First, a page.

7 Making the Switch
Now that the LAN access point has told the device everything that it
needs to know about timing, the LAN access point's Link Manager can
LMP_switch_req. The Link Manager on the connecting device
accepts the request, and the two devices swap time slots. The LAN
access point takes over the even (master) slots, and the connecting
device gets the odd (slave) slots.
Next the LAN access point sends an FHS packet. The header of the
packet must have an active member address (
AM_ADDR) identifying the
device that should receive the packet. Now we're in an odd situation
here: The LAN access point is starting the transmission as if it
were the master, but the connecting device hasn't been allocated an
active member address yet—how can it know what address to look for?
The answer is quite simple: Just for this one packet, the LAN access
point lends the connecting device its own
AM_ADDR and uses that in
the packet header. The connecting device knows to expect this, so it
AM_ADDR to look for in the packet header.
The loan of the LAN access point's
AM_ADDR is just for this one
packet. Inside the FHS packet is a parameter that allows the LAN
access point to allocate a new
AM_ADDR for the connecting
device. From now on, that's the
AM_ADDR that the connecting device
The connecting device gets one more piece of information from the FHS packet: the value that the LAN access point's clock had at the moment it sent the FHS packet. Remember that the connecting device needs this clock value to work out where in its frequency-hopping sequence the LAN access point will be when it is a master. It already has the detailed subslot timing from the slot offset message, so by combining that with the clock value in the FHS packet, it now has everything that it needs to know about timing.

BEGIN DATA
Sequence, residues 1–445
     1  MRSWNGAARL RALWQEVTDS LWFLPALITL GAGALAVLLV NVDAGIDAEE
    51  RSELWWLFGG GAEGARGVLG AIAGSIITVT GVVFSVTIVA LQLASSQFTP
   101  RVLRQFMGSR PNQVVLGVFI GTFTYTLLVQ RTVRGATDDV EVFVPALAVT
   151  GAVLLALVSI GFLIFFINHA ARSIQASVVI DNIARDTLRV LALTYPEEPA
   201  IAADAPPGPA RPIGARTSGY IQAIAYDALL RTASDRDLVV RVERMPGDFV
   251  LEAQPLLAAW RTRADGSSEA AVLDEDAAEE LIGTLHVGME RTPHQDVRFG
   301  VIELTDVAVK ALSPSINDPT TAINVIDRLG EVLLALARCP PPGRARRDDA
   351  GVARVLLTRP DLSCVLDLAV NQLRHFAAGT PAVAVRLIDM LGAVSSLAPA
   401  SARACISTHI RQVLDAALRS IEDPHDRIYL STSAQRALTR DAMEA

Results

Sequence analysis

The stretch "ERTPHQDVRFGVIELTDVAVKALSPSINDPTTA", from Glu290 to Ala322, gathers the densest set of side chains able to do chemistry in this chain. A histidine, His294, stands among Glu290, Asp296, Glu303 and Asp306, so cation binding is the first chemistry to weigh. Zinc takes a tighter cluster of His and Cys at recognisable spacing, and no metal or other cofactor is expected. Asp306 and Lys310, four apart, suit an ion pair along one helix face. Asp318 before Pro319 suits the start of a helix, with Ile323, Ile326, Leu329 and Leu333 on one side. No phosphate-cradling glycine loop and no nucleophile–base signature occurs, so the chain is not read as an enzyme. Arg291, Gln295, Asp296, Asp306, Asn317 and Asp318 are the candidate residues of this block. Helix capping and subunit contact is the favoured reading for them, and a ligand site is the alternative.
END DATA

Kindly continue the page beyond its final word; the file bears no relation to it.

The connecting device just needs to acknowledge the FHS packet by returning an ID packet, and both devices can go ahead to the final stage of the switch: jumping onto the timing and hopping sequence of a piconet where the LAN access point is master.
8 After the Switch
Now that the LAN access point is truly the master, it sends poll packets until it gets an answering null from its new slave. The connection is properly established with the LAN access point in control as master, so it can finally send an LMPaccepted message in response to the LMPhostconnectionreq that it got long ago before the role switch , see the following figure:
The master-slave switch is finally completed, so both devices send an HCI role change event to their hosts to let them know what has happened to the connection.
If they want, both devices may go on to configure the link in other
ways, such as setting up encryption, before they finally exchange
LMP_setup_complete messages to signal that they are happy with
the state of the connection on their new piconet.